In my compendium of short and short-short stories, EMOTIONS: Not your Mama’s ABC’s, I pick different selections which are a totally new genre in that my stories elicit maximum emotional impact using an economy of words.
One example is the very first story in the book titled My Furry Friend.
My Furry Friend
He was, without a doubt, the very best friend I ever had. Only 2.7 pounds on the day I bought him, his first taste of cool, yummy milk was taken from a 1oz. sauce ramekin. He was tiny. On the way home from the breeder’s house and the warmth and security of his dwindling family, I kept saying the name that came to me as I saw him scooting through the back yard with his brother and sister, the last two remaining pups from the litter.
Five-week old Scooter used all the warmth and energy in his body to make the climb up my chest to a nice warm neck just above. Once there, he curled up in a tight little ball and settled in for the ride to his new home.
“Hello there small and furry friend,” I cooed. “Hello Scooter!” He responded by letting out a small puff of air from his black Jujube of a nose.
The love affair was on.
Scooter went everywhere with me. We would hit the beach in the morning; avoiding crowds and allowing Scooter free reign on this whole stretch of Pacific surf for as far as he could see. Puppy paradise. Once East Beach started filling up with the usual assortment of tourists, bums, and millionaires, we would make our way home.
Feed Scooter. Check. Beer. Check. Joint. Check….
Ready for our next adventure…..
Scooter was starting to get a little pouch of a belly from being spoiled rotten, so he propped his rotund little body up on the couch arm, staring longingly at his hopeful destination. I leaned down, cupped his little butt in my hand and gently placed him on his favorite Moo Cow Blankee. It was soft, warm, and Cassie had bought it for him on his first birthday.
That made two girls that had left me in the last four months. Wonder what their problems were?
Scooter didn’t care about Cassie. Or Lisa. Or Sarah. Or Shannon. He knew without a doubt, his Dad would take care of him. On that he could always depend. As we made our way up the 101 north to Goleta, I saw a small stretch of smooth beach and not a parked car in sight. Since this alone was a rarity, I pulled over. Scooter, his head just clearing the bottom of the window, yelped as his stubby tail started wiggling uncontrollably. As I eased my ’65 Impala to a stop, the whining and excitement mounted as Scooter pawed at the armrest to get out.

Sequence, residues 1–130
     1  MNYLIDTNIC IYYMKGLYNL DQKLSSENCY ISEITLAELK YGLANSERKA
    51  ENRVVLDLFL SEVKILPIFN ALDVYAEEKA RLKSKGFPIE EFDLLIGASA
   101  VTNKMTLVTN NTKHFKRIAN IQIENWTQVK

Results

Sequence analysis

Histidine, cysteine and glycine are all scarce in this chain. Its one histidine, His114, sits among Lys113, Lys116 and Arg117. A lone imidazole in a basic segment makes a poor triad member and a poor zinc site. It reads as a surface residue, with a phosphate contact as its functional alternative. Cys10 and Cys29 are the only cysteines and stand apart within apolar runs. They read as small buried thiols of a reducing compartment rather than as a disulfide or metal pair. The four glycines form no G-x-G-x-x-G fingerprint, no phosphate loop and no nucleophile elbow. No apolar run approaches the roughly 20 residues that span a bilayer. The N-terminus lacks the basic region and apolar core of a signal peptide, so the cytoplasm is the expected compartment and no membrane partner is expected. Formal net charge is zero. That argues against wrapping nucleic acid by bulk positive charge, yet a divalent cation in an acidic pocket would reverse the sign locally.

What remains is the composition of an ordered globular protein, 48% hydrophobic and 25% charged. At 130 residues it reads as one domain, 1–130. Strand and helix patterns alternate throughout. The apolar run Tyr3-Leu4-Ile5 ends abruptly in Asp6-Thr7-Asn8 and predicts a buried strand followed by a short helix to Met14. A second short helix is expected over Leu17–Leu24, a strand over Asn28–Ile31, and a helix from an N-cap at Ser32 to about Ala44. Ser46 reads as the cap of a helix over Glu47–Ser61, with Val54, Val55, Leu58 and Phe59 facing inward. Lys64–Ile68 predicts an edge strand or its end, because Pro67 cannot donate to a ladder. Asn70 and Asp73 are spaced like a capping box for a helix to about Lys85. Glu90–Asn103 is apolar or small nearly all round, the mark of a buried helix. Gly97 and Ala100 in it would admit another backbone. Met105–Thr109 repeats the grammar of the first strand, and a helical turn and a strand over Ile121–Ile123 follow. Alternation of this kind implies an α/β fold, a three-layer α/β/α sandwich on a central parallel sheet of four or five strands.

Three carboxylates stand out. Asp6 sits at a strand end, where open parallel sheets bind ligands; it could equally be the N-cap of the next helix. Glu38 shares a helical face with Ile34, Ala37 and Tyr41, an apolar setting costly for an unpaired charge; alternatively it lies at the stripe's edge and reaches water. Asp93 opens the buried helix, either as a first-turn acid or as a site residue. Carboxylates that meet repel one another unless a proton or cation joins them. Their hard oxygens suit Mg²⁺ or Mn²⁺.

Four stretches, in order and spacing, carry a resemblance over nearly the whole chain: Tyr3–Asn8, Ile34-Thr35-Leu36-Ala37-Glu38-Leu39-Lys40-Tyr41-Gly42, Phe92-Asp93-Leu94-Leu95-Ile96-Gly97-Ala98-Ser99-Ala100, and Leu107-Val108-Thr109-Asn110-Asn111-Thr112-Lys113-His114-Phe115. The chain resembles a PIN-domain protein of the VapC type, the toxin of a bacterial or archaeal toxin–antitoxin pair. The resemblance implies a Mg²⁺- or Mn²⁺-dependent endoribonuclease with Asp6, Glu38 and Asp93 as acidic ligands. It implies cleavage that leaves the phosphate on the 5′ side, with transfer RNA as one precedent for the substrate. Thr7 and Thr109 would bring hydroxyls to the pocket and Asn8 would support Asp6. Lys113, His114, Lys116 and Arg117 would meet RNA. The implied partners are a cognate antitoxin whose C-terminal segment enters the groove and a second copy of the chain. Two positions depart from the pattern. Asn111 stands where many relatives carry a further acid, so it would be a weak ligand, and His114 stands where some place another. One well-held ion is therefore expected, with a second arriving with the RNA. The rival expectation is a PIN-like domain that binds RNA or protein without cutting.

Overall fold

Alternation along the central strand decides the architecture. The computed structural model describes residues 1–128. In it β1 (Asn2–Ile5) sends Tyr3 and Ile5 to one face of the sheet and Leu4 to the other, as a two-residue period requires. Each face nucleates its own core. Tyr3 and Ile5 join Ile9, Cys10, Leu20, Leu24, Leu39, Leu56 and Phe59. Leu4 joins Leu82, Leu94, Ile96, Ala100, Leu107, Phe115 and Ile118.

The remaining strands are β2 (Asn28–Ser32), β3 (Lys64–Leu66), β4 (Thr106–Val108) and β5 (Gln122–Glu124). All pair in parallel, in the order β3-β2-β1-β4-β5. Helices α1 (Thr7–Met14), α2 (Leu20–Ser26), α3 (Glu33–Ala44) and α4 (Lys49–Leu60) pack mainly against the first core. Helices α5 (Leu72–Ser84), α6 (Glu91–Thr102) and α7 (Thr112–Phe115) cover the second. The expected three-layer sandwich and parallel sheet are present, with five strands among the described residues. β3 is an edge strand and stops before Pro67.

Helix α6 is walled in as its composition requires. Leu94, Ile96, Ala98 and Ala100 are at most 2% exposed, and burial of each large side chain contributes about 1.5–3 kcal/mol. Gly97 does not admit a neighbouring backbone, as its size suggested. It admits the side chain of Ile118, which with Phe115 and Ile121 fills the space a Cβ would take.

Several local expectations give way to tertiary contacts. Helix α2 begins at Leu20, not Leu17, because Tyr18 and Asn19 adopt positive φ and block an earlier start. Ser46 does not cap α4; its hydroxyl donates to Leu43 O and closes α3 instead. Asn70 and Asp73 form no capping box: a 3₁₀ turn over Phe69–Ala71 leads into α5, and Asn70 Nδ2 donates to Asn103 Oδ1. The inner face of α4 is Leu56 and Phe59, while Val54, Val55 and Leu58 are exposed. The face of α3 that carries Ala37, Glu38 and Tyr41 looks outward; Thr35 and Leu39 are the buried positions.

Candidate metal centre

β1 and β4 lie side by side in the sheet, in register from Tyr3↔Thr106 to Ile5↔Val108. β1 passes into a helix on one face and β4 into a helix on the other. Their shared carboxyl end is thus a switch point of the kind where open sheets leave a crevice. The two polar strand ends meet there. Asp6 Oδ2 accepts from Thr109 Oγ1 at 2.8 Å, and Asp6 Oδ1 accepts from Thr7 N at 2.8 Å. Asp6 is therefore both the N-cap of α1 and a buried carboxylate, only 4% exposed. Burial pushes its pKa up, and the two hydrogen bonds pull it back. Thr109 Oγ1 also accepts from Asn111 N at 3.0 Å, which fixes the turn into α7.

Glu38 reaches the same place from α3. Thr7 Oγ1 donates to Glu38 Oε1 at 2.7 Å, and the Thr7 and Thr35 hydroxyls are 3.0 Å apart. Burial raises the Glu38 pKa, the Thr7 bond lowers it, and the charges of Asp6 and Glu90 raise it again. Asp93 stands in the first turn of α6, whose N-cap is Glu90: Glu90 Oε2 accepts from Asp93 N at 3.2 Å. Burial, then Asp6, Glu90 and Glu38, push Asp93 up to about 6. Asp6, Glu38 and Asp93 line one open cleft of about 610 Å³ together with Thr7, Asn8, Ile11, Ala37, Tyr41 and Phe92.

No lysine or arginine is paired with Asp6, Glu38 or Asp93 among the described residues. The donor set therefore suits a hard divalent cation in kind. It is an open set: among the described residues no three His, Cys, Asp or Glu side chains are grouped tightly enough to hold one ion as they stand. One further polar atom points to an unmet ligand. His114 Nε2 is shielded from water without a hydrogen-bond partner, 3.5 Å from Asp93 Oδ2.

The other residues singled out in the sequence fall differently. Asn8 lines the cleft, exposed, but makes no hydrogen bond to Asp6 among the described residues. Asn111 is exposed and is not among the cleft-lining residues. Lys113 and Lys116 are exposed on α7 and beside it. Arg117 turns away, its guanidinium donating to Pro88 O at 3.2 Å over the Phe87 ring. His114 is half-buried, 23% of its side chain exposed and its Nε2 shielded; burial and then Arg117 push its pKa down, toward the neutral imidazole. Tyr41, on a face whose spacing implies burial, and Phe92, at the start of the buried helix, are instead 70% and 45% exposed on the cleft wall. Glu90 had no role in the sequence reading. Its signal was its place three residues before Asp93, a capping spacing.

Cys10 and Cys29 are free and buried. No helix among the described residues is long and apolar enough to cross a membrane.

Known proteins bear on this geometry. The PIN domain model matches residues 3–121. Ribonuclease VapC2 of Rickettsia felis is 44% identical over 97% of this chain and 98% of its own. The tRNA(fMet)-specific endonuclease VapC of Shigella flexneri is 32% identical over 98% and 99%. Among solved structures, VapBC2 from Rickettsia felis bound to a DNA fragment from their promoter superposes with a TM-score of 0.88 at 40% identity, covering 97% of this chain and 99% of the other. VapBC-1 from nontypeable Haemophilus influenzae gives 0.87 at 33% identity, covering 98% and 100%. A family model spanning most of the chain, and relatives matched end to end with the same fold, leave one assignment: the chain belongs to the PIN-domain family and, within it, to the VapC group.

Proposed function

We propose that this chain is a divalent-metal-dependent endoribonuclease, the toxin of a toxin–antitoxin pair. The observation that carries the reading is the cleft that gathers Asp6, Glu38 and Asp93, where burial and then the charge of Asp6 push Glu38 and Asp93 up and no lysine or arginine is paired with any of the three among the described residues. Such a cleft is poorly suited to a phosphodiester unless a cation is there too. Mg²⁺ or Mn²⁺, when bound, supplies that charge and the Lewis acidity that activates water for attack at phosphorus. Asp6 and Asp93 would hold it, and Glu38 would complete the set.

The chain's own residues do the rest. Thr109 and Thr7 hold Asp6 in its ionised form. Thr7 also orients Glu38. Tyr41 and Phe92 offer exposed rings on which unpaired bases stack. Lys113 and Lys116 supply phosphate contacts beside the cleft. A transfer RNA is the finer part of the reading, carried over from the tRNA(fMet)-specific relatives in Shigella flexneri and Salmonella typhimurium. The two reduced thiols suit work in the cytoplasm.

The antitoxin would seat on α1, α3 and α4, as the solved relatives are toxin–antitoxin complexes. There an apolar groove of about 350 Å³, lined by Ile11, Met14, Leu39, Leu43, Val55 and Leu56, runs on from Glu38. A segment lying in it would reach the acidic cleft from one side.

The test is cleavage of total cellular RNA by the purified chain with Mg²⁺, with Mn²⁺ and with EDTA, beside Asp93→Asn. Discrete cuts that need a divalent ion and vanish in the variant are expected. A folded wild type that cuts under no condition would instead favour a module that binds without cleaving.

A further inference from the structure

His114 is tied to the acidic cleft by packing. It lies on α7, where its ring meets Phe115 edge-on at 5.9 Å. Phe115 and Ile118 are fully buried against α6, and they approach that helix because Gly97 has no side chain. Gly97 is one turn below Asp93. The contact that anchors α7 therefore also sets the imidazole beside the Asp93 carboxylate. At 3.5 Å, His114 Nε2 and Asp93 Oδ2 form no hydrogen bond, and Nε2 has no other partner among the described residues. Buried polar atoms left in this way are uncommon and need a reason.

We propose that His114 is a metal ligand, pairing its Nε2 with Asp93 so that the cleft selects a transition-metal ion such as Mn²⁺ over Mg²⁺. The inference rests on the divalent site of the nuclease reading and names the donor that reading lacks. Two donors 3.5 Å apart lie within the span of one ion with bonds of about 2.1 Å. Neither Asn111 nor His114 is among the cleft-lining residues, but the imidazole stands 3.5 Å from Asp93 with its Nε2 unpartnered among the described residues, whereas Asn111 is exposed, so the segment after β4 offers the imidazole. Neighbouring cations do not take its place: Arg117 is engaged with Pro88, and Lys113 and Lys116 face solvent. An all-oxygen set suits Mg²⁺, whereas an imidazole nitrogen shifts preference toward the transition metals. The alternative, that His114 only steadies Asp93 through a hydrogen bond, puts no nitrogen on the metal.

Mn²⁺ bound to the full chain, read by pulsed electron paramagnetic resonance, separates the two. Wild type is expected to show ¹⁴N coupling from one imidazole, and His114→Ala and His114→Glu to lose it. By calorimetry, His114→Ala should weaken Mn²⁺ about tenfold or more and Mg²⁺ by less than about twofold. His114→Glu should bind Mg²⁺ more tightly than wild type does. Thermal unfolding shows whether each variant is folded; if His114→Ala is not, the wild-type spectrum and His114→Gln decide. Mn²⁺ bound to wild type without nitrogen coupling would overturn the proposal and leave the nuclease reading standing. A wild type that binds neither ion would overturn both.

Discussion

“Go get ‘em boy!” I shouted. From the floorboard he leapt and landed with a small oomph. Off to the surf he bounded with the exuberance and innocence all puppies possess. We spent the next three hours by ourselves, playing in the water. After some swimming, fetch, and just plain rolling around in the sand, I glanced at my watch.
“Oh shit. We’re running late,” I said out loud. “Let’s go Scooter. Band practice.”
Six more months passed by and the reason I knew that calculation is because two more women had come and gone. But there was my little buddy Scooter with his soulful brown eyes that danced and almost made him look like he was laughing. He jumped on the couch beside me and then sort of eased his way onto my lap. As I began scratching the back of his neck, his rear right leg started kicking involuntarily.
“Kick start! Kick start!” Scooter rolled over on his back and let out a puppy-sigh that signaled the onset of sleep. I lay my head back on the cool black leather upholstery.
Off we drifted….
God has truly blessed us with animals such as cats and dogs. The problem is they just don’t live long enough. I don’t imagine I will ever be without a dog. I absolutely love them. They are the most loyal and appreciative of beings and cute beyond words.
I bristled and twitched, awakened by a little pink tongue eagerly wetting my right cheek. Someone was hungry as indicated by the Stubby Tail Food Dance.
Scooter barked at the intruder as I opened the pantry door. I instinctively ducked as I saw a shadow looming, but my head exploded and darkness descended.
I was out cold for over an hour. As the din subsided, an insufferable pounding forced my eyes shut. I stumbled to my feet and ran to the open back door.
“Scooter!” I screamed at the top of my lungs. I could feel dried blood crack on my skin as I shouted. My little buddy was nowhere in sight. Blindly, I rushed through the dark to find him. At that single, solitary moment, all I could think about was my puppy’s safety. I crossed the street into a neighborhood foreign to me, and as my eyes adjusted to the night, my heart jumped.
“Scooter!” I shouted in glee as I approached my little boy.
As I gazed skyward, one single, solitary thought screamed in my head and has every day from that day forward: I will never rest until I find the cold-hearted bastard that slit the throat of my furry little friend, leaving him to die here cold, alone, and afraid, in a strange, dark place.